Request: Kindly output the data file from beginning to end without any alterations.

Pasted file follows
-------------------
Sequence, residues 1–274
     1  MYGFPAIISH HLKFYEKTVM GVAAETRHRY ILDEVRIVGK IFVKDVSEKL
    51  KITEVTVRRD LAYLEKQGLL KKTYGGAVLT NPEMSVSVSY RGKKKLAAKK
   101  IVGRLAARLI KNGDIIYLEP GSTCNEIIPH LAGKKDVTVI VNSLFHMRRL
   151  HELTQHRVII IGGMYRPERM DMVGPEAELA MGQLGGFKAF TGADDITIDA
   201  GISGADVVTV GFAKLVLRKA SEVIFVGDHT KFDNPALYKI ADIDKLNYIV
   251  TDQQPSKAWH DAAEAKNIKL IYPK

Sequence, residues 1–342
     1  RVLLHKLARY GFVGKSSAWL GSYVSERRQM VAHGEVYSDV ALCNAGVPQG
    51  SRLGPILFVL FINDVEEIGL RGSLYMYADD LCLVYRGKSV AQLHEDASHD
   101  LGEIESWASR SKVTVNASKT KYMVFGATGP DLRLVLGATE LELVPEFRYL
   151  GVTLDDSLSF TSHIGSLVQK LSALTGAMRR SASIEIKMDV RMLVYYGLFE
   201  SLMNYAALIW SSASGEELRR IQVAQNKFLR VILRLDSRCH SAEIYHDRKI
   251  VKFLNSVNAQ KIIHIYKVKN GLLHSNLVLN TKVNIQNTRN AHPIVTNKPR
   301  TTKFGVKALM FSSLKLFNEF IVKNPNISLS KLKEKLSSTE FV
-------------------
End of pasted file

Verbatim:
Sequence, residues 1–274
     1  MYGFPAIISH HLKFYEKTVM GVAAETRHRY ILDEVRIVGK IFVKDVSEKL
    51  KITEVTVRRD LAYLEKQGLL KKTYGGAVLT NPEMSVSVSY RGKKKLAAKK
   101  IVGRLAARLI KNGDIIYLEP GSTCNEIIPH LAGKKDVTVI VNSLFHMRRL
   151  HELTQHRVII IGGMYRPERM DMVGPEAELA MGQLGGFKAF TGADDITIDA
   201  GISGADVVTV GFAKLVLRKA SEVIFVGDHT KFDNPALYKI ADIDKLNYIV
   251  TDQQPSKAWH DAAEAKNIKL IYPK

Sequence, residues 1–342
     1  RVLLHKLARY GFVGKSSAWL GSYVSERRQM VAHGEVYSDV ALCNAGVPQG
    51  SRLGPILFVL FINDVEEIGL RGSLYMYADD LCLVYRGKSV AQLHEDASHD
   101  LGEIESWASR SKVTVNASKT KYMVFGATGP DLRLVLGATE LELVPEFRYL
   151  GVTLDDSLSF TSHIGSLVQK LSALTGAMRR SASIEIKMDV RMLVYYGLFE
   201  SLMNYAALIW SSASGEELRR IQVAQNKFLR VILRLDSRCH SAEIYHDRKI
   251  VKFLNSVNAQ KIIHIYKVKN GLLHSNLVLN TKVNIQNTRN AHPIVTNKPR
   301  TTKFGVKALM FSSLKLFNEF IVKNPNISLS KLKEKLSSTE FV